La collina ha bruciato per tutta la notte.

English Original Sentence

The hillside burned all night.

I had expected è bruciata in this intransitive context. :thinking:


Uh, interesting question.

In principle you are right. The intransitive form should use the “essere” auxiliar verb.
In practice you can find both forms for this kind of sentence, but the version with “ha” is a bit more common.

I do not have a grammatical explanation for that, but I can try to explain why:

I think this is due to the fact that “è bruciata” feels more like “is burned”, that is it burned in the past and now it is in the state of being burned.
“Ha bruciato” instead feels like it “has been burning” for all the night.

Adding “per tutta la notte” should be enough to clarify “è bruciata” is not a “final state” but an ongoing process, but the use of “ha” makes it clearer from the beginning of the sentence.


Very interesting! Somehow it feels that passato remoto is the easier option, if I don’t mind sounding like a Montalbano character. :slightly_smiling_face:


The door bangs open, “Che c’è? @morbrorper, che c’è!” The more Montalbano the better! Would you be Salvo, Augello, Fazio o Catarella?

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I’ve read that the transitive/intransitive rule for determining auxiliary verbs is, like the condom, only 97% effective. I would agree that La collina è bruciata per tutta la notte could sound strange to an Italian ear, as if you were saying the hill is burnt all night every night. The only way to get around that is to break the transitive/intransitive rule and use ha bruciato.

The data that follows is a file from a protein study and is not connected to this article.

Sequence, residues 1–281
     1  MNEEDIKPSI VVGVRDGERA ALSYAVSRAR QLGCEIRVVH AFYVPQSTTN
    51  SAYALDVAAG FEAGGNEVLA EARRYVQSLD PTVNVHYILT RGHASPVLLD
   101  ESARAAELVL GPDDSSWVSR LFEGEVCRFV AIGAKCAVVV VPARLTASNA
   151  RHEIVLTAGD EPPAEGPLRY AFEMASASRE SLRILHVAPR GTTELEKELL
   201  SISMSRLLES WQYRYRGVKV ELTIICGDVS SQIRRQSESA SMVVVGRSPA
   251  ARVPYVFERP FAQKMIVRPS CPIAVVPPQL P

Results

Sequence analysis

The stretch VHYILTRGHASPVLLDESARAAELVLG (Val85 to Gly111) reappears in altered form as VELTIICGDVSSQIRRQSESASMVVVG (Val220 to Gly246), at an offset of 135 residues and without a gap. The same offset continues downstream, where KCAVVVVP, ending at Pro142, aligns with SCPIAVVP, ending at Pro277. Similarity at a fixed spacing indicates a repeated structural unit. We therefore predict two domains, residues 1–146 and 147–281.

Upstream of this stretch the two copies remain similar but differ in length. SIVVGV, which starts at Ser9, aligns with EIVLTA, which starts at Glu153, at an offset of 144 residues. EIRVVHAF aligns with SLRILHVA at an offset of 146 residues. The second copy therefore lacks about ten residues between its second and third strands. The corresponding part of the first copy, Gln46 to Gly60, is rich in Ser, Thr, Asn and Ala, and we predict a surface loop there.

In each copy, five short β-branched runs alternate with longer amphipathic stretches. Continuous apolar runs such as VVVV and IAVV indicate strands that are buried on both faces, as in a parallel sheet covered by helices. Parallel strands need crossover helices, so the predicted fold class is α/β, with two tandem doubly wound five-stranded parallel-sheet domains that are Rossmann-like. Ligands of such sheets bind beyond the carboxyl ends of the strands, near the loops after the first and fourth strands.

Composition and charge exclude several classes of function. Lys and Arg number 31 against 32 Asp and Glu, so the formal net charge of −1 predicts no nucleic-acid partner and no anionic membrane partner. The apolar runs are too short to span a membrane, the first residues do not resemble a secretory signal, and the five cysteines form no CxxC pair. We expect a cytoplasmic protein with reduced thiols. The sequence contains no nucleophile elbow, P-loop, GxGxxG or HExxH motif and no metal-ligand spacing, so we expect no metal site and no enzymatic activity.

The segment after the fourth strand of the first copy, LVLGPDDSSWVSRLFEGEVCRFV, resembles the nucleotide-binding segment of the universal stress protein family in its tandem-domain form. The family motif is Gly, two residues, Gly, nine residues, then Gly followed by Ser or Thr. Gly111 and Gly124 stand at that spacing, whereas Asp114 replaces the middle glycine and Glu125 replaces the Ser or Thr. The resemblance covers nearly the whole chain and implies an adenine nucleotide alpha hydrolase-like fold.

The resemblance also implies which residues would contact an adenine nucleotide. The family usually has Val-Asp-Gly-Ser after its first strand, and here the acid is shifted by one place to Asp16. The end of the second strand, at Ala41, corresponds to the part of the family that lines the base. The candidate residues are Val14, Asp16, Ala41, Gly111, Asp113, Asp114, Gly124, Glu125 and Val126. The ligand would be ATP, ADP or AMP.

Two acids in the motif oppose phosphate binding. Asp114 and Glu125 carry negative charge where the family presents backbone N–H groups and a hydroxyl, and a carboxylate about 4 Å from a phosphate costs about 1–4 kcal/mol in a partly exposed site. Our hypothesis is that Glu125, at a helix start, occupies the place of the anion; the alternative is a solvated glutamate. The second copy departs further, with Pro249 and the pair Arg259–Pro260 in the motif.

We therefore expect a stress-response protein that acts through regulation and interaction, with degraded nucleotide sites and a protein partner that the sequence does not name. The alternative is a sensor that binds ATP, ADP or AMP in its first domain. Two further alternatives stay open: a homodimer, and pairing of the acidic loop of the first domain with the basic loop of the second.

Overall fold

Of course, if I wanted to say that it is burned, I would have said viene bruciata, but I get the point :wink:


I’m afraid that whatever character I wished to be, people would mistake me for Catarella. :slight_smile:


The combination of “viene bruciata” with “per tutta la notte” does not really work in Italian.

The implication of “viene bruciata” is that there is an agent, (an arsonist, a fire) that made it burn. It is common to specify “by what/whom” it happened. Also, the tense indicates that it is an ongoing effect now, and adding “per tutta la notte” would be strange.

You can definitely use the “passato remoto”, especially in writing:

“La collina bruciò per tutta la notte.”


Apologies @morbrorper I realised that my question was half-baked and deleted it!